III. If the Christian faith makes ultimate claims about the Lordship of Jesus Christ, then how do we live tolerating other religions now making different claims or even claims that directly challenge the Christian claim? Well, I do not believe that we live well by reducing our faith and that of others to the lowest common denominators – the few things we can agree on so that we do not have to disagree. Faith is about the spice in life, not the source of dullness.

[ILLUS:]
We have treated our Christianity as if it is an embarrassment any time we take it out in public. To make it more acceptable, we water it down to make it appeal to more customers. But, this leads to disaster in our faith. Watered down, it is simply not the real thing. The hot, offensive themes – such as the cross and the blood of Christ – are taken out, and a comfortable, people-pleasing substitute is found. The false gospel may be soothing to the taste, but it is powerless to save. The spicy gospel will always be an offense to sinful humankind.

I believe that the future calls for the kind of tolerance that holds firmly to our distinctive and rigorous Christian faith while choosing to live in peace with those who make other, equally strong, choices. What binds us together as Americans is the freedom to go many ways together. While this will not always be simple or free of conflict, this *many together* approach allows each faith to hold onto its integrity.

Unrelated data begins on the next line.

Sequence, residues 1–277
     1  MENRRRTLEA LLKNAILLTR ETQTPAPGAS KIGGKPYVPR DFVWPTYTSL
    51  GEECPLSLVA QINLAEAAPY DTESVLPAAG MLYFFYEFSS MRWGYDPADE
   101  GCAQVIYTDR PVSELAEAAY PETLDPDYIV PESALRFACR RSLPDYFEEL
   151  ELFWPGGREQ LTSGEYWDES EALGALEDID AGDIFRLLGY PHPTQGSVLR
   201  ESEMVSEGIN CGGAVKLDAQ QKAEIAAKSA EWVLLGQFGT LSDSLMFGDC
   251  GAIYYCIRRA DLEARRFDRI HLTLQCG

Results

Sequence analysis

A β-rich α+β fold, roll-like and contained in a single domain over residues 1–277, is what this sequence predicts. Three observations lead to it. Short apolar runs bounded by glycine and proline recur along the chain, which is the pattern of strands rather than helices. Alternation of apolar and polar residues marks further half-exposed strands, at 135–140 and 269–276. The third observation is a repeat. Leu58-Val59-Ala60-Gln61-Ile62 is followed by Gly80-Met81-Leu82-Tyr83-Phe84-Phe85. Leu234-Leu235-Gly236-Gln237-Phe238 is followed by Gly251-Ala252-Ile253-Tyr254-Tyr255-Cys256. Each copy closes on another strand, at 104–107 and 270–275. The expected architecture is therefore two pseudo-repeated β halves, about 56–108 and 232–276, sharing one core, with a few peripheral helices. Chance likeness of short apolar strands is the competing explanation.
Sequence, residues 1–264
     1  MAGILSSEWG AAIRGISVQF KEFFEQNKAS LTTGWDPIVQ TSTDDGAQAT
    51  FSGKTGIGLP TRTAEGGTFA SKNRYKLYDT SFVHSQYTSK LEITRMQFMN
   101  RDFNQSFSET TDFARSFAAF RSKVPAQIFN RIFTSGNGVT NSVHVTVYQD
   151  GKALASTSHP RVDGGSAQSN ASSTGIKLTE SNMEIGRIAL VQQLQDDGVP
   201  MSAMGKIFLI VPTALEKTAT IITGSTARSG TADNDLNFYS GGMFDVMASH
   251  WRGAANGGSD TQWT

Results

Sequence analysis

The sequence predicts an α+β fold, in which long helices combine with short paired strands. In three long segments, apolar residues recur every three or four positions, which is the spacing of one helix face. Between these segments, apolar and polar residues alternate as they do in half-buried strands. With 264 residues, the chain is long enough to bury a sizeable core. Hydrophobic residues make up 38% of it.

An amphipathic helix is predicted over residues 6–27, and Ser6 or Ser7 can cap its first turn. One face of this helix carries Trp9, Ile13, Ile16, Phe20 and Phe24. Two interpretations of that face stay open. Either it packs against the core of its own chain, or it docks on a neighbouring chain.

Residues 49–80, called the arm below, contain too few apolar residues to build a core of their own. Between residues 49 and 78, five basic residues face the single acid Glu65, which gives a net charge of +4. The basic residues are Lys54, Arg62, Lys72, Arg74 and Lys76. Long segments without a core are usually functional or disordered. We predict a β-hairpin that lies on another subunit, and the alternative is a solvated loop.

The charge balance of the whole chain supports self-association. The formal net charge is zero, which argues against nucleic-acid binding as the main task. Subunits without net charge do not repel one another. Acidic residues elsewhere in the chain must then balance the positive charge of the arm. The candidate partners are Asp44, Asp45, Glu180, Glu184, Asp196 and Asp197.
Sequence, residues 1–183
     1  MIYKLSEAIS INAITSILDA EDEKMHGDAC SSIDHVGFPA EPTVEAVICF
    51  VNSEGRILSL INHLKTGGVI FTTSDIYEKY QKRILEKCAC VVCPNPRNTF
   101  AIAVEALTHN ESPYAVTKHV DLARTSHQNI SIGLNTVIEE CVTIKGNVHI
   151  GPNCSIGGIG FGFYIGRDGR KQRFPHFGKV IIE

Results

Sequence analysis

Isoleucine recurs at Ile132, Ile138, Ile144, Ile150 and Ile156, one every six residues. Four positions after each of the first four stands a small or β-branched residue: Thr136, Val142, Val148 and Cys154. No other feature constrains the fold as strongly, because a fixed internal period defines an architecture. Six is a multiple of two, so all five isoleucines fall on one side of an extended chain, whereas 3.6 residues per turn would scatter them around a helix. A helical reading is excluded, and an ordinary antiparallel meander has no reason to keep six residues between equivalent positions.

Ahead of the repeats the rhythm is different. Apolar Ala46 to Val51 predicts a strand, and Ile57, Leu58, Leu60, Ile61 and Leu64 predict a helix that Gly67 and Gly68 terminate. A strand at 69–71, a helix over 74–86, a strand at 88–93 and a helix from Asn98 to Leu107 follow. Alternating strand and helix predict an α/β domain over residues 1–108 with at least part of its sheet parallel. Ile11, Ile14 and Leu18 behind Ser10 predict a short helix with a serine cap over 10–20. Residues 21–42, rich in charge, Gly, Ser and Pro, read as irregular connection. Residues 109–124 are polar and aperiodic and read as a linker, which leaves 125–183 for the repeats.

[ILLUS:] Years ago, I had a Jewish neighbor. He and his family were very active in their synagogue; they actively practiced their Jewish faith at home also. On Saturday, we would be out doing the chores that guys in the neighborhood would do. At the end of the day, he would often say to me on parting, "Have a good Sabbath." He was obviously, wishing me a good Sunday – my Sabbath, not his.

We must live in our pluralistic world in tolerance and respect for others and their faiths. This means holding our faith as the dear source of life it is for us. It means living openly so that we live out our faith witness to others.